Christopher Ruddy: What I Read

Newsmax's Christopher Ruddy explains his Media Diet

This article is from the archive of our partner .
How do other people deal with the torrent of information that pours down on us all? Do they have some secret? Perhaps. We are asking various friends and colleagues who seem well-informed to describe their media diets. This is from an interview with Christopher Ruddy, CEO of conservative news-hub Newsmax.

First thing in the morning, I go into my den and turn on my computer, the coffee and the cable television. I watch Morning Joe because it's focused on the latest developments and I check Fox to see if they have any interesting guests. That's sort of the background music for my morning.

Then I go online. I usually have a couple hundred e-mails because I get a lot of news that way. I get The New York Times, The Los Angeles Times and The Washington Post and I go through their major headlines. I also get Progressive Review by Sam Smith. It's a very good summary of a lot of items from a left perspective, but they are also interesting to our readers. Dick Morris, who writes for us, also sends out a daily e-mail. I also get Google Alerts for anything I think is a hot topic. I'm a big believer that people follow other people, not just ideas, so I have alerts for lots of people.

When I do hit the Internet, I first look at Newsmax to see what we're focusing on. Then I run down the wires from our links page. Yahoo has some of the best selections from the wires and I check out the top of MSNBC for things our readers might be interested in. I also check Fox News, Google News, Drudge Report and Breitbart. I used to write for the Pittsburgh Tribune Review, so I check them. I'll then look at international AP stories. The only two international publications I look at every day are The Jerusalem Post and Haaretz. I'm fascinated by the Middle East and I always think they give a perspective we're not getting.

I come into the office around nine and we get The New York Times, The Wall Street Journal and The New York Post. We used to get the Financial Times, but stopped because I found its coverage really flat and boring.

I get coffee and turn on Fox again and I run through the papers at the standup desk I have in addition to my regular desk. I love The New York Post, I used to read it and I used to work there and I usually focus on Page 6. What I like about the newspaper is that you can really see the focus the editors are giving. I think that's important for readers. A lot of times when we pick up a story, we'll note that it was a page one, top of the fold story.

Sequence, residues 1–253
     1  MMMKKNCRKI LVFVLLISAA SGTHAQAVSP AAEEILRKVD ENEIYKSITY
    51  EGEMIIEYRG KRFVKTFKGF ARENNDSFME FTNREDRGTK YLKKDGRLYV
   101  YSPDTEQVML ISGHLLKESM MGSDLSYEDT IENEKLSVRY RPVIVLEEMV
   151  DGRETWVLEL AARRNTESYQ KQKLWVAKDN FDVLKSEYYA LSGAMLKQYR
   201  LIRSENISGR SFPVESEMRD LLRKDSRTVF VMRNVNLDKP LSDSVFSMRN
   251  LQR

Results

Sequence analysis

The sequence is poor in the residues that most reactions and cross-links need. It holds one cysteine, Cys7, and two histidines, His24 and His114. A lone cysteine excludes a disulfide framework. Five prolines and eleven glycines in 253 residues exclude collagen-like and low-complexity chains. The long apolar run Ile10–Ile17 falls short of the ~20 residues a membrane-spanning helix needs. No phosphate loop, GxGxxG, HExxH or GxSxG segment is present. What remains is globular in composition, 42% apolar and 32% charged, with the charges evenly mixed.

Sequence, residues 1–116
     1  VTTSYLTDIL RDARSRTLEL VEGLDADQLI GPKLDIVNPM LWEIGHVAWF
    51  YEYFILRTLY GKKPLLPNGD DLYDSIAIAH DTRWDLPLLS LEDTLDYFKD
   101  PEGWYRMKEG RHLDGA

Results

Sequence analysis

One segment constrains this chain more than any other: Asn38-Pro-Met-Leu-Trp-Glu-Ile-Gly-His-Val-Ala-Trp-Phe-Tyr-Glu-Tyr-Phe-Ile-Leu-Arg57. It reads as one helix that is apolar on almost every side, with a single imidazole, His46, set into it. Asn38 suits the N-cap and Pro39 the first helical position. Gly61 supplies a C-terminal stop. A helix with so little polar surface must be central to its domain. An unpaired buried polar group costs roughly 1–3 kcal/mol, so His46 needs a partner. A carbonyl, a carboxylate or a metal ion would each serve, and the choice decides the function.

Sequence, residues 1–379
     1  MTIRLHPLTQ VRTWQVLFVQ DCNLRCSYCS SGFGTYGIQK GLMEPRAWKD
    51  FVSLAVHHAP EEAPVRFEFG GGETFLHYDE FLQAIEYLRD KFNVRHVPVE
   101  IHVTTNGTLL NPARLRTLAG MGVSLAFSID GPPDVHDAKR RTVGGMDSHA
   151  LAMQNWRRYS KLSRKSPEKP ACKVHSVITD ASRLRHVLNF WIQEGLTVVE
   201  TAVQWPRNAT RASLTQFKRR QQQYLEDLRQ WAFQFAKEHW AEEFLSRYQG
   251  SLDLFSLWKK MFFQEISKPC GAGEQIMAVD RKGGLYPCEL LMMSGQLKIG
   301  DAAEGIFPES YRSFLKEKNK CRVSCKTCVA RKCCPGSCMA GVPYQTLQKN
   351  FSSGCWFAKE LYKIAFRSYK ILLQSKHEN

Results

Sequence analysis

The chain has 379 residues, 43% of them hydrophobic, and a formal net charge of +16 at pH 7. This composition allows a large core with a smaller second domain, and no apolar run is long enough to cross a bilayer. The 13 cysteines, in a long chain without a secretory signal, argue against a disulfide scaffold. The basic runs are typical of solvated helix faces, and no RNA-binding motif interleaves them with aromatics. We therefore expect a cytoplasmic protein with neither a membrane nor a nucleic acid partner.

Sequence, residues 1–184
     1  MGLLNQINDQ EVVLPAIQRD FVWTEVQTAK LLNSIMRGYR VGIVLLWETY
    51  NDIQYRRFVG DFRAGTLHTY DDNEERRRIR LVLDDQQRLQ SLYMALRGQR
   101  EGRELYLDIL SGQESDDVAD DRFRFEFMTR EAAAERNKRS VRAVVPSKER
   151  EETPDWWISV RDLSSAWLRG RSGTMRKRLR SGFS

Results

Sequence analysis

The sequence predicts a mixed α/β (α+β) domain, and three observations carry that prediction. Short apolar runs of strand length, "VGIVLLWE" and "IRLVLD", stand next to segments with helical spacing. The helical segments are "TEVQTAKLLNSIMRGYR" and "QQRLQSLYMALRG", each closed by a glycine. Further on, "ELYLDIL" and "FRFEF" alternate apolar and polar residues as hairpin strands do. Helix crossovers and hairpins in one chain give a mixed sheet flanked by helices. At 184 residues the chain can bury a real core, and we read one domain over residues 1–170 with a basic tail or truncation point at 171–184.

After about 30 to 45 minutes, I'll go to work on the business side of the company. I don't really check news sources much during the day time, but I have four TV's in my office showing Fox, CNN, MSNBC, and CNBC. I don't listen to talk radio much and that's a big mainstay for Republican readers, but Rush Limbaugh puts up major issues from his show and I check that out.

If I have a business lunch or I'm off for lunch, I will have an employee drive me and I will take some magazines or publications to read in the car. Forbes is probably my favorite. I read The New Yorker, Christian Science Monitor, The Atlantic, American Spectator, National Review, Time Magazine, Weekly Standard, Vanity Fair and Barron's.

Barron's usually has some interesting perspectives on the financial markets you don't get in The Wall Street Journal and I think it's been one of the secret recipes for Newsmax's success. A lot of sites only focus on what's online, but a lot of magazines publish stuff that doesn't go online. Or historically haven't. I remember a couple years ago, at the news stand I saw that Cigar Aficionado had an interview with Tommy Franks and they asked what will happen to the United States if a nuclear bomb went off. We did a little write-up on that and it got a lot of buzz on talk radio.

I don't track on mobile devices and I don't really use RSS feeds because I think it's too flat and doesn't give a sense of what's important and what isn't. I'm sort of a Luddite when it comes to new technologies. My staff keeps begging me to do more on social media and I've reluctantly agreed. I still don't think the equation is favorable for putting a lot of resources in Facebook, but I think you capture a younger group and it is a way to bond more with readers. But I think it's over-hyped, the value. We now have one staff member dedicated to that and Twitter.

I usually have social things at night that I go to, dinners or meetings. When I get home I check my e-mail once again early. I try to do that before 9:00 and I'm usually in bed by 11:00.

This article is from the archive of our partner The Wire.